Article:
Cold Playlist| Single Featuring

I respect and share good music. Here are some songs that glide above the sea of singles being thrown across on the internet through links, that you need to be aware of. These tracks foreshadow a flood of bar-setting music voming in the near future.

OXYxMORON – “You Don’t Know”

Well you should. The past couple of years Oxy has been laying down some truly excellent music. In this recent pocket of history they have been one of the best hip-hop acts out, and this song is no exception. “You Don’t Know” is a triumphant return, that’s just so bright and exciting as a hero’s welcome. The song has the power to turn crowds of listeners into choirs.

Lord Byron – “0 Grams Fat”

Byron switches up the style to create this kingpin-steelo soaked banger. Byron exemplifies the presence of a don by giving game over this anxious, squealing, rock-inspired instrumental. The song carries a sort of edginess and intensity that’s not only different from Byron’s previous work, but from everything else. Short, heavy, and catchy… Let’s see what Byron comes up with next.

Ciscero – “Never Make It”

Ciscero teams up with the rap superhuman, Sir EU, to denounce the evils of “hating on your homies”, and proclaim his impending ascension to success. Subdaio produces something surreal and phasey for them to rap on, with the use of watery synths. The sound results in a dark and reflective imagery. Meanwhile, Ciscero’s verse showcases a climaxing aggression with champion rhythm; EU opens with some heavily rhyme-laden bars and some deep expressionism.

Itzme Review: Ab Soul – These Days…

Ab-Soul has his sophomore album release after two years. Many have come to love and enjoy Ab’s music by being introduced through the “Ab-Soul Outro” on Section.80, and his excellent last release Control System. Besides being associated with a popular group of emcees, he’s also known for his cleverness in his lyrics. Despite this, Ab-Soul has failed to deliver on his new album after proving himself so well. Let me take you to a land void of any profoundness, creativity, soul, and personality (and overpopulated with obscure Jesus comparisons); the place on the cover art.

I don't even think a roach can survive out there

Just look at it, there’s no support of life.

These Days is jam-packed with cliché and unoriginality. A prime example is the halfway point of the album, “TWACT”, where listeners are given a My Krazy Life reject song with a corny catchphrase that’s doomed to never catch on. On “World Runners” Ab-Soul shows you how well he can mimic a mainstream faux-inspirational rap song. Even with the song’s blurred message, he manages to come across extremely preachy. Soul even directly copies his groupmate Kendrick Lamar with the “Kendrick Lamar Interlude” the antithesis of the Ab-Soul outro.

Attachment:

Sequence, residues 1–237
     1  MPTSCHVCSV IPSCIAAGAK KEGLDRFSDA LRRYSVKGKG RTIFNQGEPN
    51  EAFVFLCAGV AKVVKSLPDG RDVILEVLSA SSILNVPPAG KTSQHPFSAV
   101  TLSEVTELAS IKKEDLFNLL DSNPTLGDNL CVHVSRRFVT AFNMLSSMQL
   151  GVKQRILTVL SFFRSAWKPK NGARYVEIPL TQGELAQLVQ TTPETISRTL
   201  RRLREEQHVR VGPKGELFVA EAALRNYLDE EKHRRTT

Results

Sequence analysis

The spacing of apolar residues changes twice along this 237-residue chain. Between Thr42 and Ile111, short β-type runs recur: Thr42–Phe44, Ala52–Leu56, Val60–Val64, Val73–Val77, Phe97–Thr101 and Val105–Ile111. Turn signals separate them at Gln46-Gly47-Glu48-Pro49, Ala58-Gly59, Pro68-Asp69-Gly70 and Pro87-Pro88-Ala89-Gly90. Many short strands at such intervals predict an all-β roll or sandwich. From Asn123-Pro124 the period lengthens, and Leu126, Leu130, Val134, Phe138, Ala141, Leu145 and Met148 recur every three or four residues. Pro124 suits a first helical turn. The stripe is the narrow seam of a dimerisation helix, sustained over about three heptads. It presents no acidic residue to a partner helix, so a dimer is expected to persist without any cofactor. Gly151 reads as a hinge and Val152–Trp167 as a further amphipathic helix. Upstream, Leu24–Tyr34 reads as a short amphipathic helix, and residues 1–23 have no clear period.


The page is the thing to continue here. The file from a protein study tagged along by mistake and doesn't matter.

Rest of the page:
The lack of creativity doesn’t just stop with the mimicry, but also in damn near every single chorus/bridge on the whole album. The majority of the hooks on the album consist of Ab-Soul repeating a very short phrase over and over and over and over again. And even on the ones with a little variation (emphasis on little), they fail to cross the line from annoying to catchy. Hooks are only one part of the song, but Ab made sure to put this in his verses as well. The automatic skip and epic streak-ender of the “Druggys with Hoes” series known as “Hunnid Stacks”, features two of the same verses by the same rapper–oh wait…

“Feelin’ Us” also repeats the cycle of painful repetition to the maximum with the quadruplets of “raise your hands, say Soulo hoe” and “now mama don’t cry no mo’” randomly slapped in the middle of his verses.

The part where this redundancy fails where most hip-pop tracks don’t fail as hard, is that the latter’s beats are usually more moving. A handful of beats on her are pretty good, but none exceed any expectations.

Ab-Soul struggles with structure in his latest release. Proof is the scatterbrained-ness of “Nevermind That” with BJ the Chicago Kid singing so sweetly at the most random times. “Nevermind That” just screams tourrettes, with its left-field breaks and tempo. There’s also the needlessly long beat ride-outs on “Ride Slow”. The biggest surprise of These Days is that almost all the songs are aimless and have no feeling. In the Black-lip Pastor’s previous works, he were a lot of self-expressive works: songs like “Book of Soul” and “Be A Man”. As mentioned in the intro, this album is void of that.

I don't even think a roach can survive out there

I don’t even think a roach can survive out there

Fortunately, the song “Closure” prevents the album from being completely soulless. It’s actually one of the few good songs on the project, which is ironic because it’s an all singing song on a rap album.

“Tree of Life” sounds like an adventurous soundtrack to Ab’s exploration of the multiple definitions of “tree”. “Stigmata” was a rather appropriate title single to the album, especially when it cut out the ending verses for the video, because it’s a pretty good beat and verse with an epic hook that goes against the grain of this album.

“Ride Slow” features the Hybrid picking up slack with a verse that takes you back the good times of 2012, when he wrecked every instrumental he spit on. And the album ends with a rap battle where clever bars are exchanged between Ab and Daylyt—something different. These moments are to few and far between to redeem all the faults of These Days, however.

One can really tell that an album is lacking when it’s more exciting to talk about why it was bad, than to talk about the actual album itself. There are plenty of theories,

absoultweet

but at the end of the day the album remains disappointing. It contains a few rare peeks of what Soul is actually capable of. Perhaps These Days is Ab-Soul’s discographical death so he can rise again.

Room temperature at best.

Favorite Songs: “Closure” “Tree of Life” “Stigmata” “Just Have Fun” Danny Brown’s verse in “Ride Slow”

Songs That Blew Me: Almost everything else

Stay Frosty.